Figuring out how to fix this is a gargantuan task that's several light years above my pay grade. Simple financial leverage is straightforward enough, but effective leverage hidden in complex debt instruments, often off balance sheet, makes this a regulatory nightmare. Realistically, I suppose it probably needs to be some kind of extension of Basel II with more scope and more bite, but one way or another, after years of talking about the dangers of stratospheric leverage but taking very little actual action to rein it in, something has to be done. If we're looking for work for all the rocket scientists who have been let go from their Wall Street jobs recently, this might not be a bad place to start.

So who should be our go-to guys on this subject? It seems like liberals were caught sort of flat-footed by the Paulson bailout plan, which made it difficult (though, in the end, not impossible) to quickly sell Congress on a different strategy. This time around, when the conversation starts, it would be nice to have some coherent strategies already on the table from people we trust. Any suggestions?

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New Trade Theory and Me

| Mon Oct. 13, 2008 7:01 PM EDT

NEW TRADE THEORY AND ME....I've never really paid attention to the breakthroughs in trade theory for which Paul Krugman is most famous as an economist, but Alex Tabarrok explains it this way:

Consider the simplest model [of New Trade Theory]....In this model there are two countries. In each country, consumers have a preference for variety but there is a tradeoff between variety and cost, consumers want variety but since there are economies of scale — a firm's unit costs fall as it produces more — more variety means higher prices. Preferences for variety push in the direction of more variety, economies of scale push in the direction of less. So suppose that without trade country 1 produces varieties A,B,C and country two produces varieties X,Y,Z. In every other respect the countries are identical so there are no traditional comparative advantage reasons for trade.

Nevertheless, if trade is possible it is welfare enhancing. With trade the scale of production can increase which reduces costs and prices. Notice, however, that something interesting happens. The number of world varieties will decrease even as the number of varieties available to each consumer increases. That is, with trade production will concentrate in say A,B,X,Y so each consumer has increased choice even as world variety declines.

Increasing variety for individuals even as world variety declines is a fundamental fact of globalization.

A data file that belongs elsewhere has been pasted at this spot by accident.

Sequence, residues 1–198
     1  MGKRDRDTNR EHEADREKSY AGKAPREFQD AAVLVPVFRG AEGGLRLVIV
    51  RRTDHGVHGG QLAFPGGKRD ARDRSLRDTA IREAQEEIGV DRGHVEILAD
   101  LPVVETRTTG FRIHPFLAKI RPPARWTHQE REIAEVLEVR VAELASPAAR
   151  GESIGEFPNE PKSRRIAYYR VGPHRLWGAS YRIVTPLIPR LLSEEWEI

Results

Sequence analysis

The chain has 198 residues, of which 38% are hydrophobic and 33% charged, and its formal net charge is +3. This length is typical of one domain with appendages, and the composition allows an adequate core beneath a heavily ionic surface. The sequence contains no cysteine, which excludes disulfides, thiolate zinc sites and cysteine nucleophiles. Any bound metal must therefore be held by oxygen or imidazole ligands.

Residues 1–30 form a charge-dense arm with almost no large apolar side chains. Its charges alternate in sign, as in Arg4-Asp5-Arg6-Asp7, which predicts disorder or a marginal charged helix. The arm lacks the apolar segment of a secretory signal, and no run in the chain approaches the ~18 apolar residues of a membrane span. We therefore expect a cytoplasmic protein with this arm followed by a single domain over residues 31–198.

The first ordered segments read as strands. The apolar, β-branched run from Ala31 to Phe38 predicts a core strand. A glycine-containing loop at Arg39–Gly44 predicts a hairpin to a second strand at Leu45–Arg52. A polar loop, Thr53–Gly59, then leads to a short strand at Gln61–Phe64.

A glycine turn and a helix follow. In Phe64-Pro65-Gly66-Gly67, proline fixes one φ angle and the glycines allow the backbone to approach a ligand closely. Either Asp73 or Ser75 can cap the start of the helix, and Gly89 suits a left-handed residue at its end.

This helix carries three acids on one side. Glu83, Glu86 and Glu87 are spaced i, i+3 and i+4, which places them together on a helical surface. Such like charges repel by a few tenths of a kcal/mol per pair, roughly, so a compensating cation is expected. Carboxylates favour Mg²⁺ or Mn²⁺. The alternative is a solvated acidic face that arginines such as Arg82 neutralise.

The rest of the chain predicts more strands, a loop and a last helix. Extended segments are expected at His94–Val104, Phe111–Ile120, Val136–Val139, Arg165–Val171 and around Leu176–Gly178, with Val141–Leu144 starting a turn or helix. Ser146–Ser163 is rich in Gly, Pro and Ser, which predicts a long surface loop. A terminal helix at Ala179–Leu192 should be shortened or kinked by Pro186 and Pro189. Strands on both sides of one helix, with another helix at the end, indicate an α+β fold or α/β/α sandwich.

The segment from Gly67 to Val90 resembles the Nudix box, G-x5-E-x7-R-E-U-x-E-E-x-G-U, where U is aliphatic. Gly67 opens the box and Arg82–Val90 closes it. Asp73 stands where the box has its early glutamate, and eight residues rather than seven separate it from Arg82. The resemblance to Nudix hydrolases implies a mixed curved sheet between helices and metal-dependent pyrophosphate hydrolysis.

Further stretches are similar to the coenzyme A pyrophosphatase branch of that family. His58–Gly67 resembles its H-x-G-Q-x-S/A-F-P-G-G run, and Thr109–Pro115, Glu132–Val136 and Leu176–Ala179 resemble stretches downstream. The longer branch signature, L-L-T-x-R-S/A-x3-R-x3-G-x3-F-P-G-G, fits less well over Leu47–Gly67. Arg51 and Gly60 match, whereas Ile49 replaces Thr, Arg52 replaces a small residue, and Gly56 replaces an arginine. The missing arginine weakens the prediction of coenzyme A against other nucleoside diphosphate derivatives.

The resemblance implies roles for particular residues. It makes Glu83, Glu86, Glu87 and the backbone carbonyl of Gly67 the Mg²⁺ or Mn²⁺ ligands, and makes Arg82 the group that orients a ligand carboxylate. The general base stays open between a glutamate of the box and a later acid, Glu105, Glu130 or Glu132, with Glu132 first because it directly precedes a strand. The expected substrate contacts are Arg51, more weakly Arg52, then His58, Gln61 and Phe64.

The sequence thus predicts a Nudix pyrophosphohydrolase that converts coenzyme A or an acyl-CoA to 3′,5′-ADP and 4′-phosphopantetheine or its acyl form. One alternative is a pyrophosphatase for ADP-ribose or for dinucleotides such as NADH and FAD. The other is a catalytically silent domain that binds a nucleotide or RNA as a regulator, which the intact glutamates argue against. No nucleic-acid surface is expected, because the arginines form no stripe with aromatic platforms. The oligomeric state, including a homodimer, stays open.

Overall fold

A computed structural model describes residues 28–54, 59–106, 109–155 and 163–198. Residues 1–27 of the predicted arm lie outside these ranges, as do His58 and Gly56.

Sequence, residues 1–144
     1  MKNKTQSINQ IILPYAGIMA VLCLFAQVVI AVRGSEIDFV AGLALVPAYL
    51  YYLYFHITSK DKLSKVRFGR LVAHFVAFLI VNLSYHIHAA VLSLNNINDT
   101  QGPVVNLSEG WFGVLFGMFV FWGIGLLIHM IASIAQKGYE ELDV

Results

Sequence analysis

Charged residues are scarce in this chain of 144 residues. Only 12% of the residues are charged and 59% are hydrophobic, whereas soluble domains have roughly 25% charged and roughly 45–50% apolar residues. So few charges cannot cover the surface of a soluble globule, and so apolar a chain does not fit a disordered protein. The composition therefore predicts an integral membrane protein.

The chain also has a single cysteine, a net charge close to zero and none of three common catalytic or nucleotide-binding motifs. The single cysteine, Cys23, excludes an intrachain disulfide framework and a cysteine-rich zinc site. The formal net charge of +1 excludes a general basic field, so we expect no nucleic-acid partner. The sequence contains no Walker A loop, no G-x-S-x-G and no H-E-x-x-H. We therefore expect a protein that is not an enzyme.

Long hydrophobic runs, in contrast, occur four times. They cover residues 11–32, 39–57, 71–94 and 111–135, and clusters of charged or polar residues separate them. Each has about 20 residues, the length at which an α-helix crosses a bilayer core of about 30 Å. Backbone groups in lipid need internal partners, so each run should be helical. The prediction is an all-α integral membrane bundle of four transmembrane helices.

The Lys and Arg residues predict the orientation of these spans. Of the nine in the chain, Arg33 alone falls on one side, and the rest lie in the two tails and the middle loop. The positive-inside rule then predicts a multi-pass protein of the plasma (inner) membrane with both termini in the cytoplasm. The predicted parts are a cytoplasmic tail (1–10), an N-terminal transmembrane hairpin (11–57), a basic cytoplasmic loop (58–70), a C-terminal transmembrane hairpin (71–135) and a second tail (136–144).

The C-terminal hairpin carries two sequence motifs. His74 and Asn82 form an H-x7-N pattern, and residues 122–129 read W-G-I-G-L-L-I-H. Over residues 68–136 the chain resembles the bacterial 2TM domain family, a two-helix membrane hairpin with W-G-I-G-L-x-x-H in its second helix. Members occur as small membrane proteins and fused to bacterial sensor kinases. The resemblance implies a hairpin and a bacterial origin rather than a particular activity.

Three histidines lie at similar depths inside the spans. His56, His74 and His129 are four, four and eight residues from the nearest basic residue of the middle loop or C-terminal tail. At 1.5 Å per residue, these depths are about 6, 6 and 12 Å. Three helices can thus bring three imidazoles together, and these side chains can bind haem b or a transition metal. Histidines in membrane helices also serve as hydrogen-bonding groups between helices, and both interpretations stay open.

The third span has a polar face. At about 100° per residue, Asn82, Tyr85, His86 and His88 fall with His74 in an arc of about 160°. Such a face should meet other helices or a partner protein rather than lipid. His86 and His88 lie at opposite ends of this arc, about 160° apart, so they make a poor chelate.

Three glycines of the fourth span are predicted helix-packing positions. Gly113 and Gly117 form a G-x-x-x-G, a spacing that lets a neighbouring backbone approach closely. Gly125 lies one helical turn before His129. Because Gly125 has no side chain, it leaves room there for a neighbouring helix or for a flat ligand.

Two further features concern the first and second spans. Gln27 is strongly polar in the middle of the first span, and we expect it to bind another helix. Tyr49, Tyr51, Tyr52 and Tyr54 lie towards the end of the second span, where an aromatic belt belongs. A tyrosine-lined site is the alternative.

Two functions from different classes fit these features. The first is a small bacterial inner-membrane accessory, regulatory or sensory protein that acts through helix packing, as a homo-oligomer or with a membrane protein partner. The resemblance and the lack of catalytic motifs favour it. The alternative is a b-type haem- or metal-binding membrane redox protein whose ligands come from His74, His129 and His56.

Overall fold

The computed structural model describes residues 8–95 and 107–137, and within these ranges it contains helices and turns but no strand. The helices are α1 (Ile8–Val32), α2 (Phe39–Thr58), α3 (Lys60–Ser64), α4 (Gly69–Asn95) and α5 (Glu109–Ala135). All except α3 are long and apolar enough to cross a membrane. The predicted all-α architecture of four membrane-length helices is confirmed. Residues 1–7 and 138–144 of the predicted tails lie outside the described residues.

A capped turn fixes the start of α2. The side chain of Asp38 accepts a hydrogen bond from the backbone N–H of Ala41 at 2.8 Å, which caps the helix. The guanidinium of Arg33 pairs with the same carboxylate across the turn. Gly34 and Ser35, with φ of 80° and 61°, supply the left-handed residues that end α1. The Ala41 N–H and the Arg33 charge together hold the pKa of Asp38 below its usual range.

The reason this caught my eye is that it turns out I'm a disciple of New Trade Theory and I didn't even know it. Last year I wrote a piece for Mother Jones about media consolidation, and even though it made me feel like a bad liberal I said that I had never been much bothered by it. Why? Because even though the absolute number of news outlets might have declined thanks to globalization, I personally had access to many more news sources than I did 30 years ago. I called this a "paradox," but apparently it's actually now conventional trade theory. So, like Monsieur Jourdain, who had been speaking in prose for forty years without knowing it, it looks like I've been a Krugmanite for mumblety-mum years without realizing it. I guess I should get out more.

McCain Campaign: We Meant We'd Unveil New Economic Plans Tuesday

| Mon Oct. 13, 2008 6:01 PM EDT

The McCain campaign is getting hammered all over the place for promising new economic plans over the weekend and then announcing they had nothing to announce today. The move sent a strong signal that McCain either didn't appreciate the difficulties facing everyday folks, or didn't have any solutions for them. It was doubly damaging because, as I note below, the Obama campaign let loose with a slew of economic proposals designed to help working Americans and small businesses.

Either the negative press surrounding this situation convinced the McCain campaign that it needed to do something, or it always intended to unroll a new economic platform Tuesday and did a terrible job of communicating it. Either way, they are now saying that McCain "never intended" to address the economy today, as previously understood, and will do so tomorrow.

I'm betting McCain's economic policy team is working overtime tonight. Get me a series of economic policies that strike a populist tone while staying true to my fiscally conservative record, combine to articulate a clear vision for the country, and will turn around my failing campaign! You have ten hours!

McCain Passes on Opportunity to Introduce New Solutions on Economy; Obama Makes Him Pay

| Mon Oct. 13, 2008 3:13 PM EDT

Today, another misstep for the McCain campaign. How much will it hurt the candidate?

Just about everyone is suggesting John McCain find a more effective way to address the American people's current economic insecurity. But instead of starting the week with a concerted effort on that front, the campaign decided over the weekend that it would decline to unveil any new ideas. Reached for comment, spokesman Tucker Bounds said, "We do not have any immediate plans to announce any policy proposals outside of the proposals that John McCain has announced." McCain's top policy man Douglas Holtz-Eakin could only add, "I have no comment on anything, to anybody."

The Obama campaign is determined to make them pay for their inaction. This morning, it unveiled a "rescue plan for the middle class" that is essentially a bailout for the rest of us. To create jobs, Obama proposes to (1) give companies a $3,000 refundable tax credit for every job they create in America; (2) eliminate the capital gains taxes for small businesses; and (3) finance public works projects that the campaign estimates will save or create one million jobs.

Wingnut Watch

| Mon Oct. 13, 2008 2:40 PM EDT

WINGNUT WATCH....John Cole revives the Golden Wingnut Award today with a worthy successor to the original winner. Unsurprisingly, however, the actual recipient remains the same.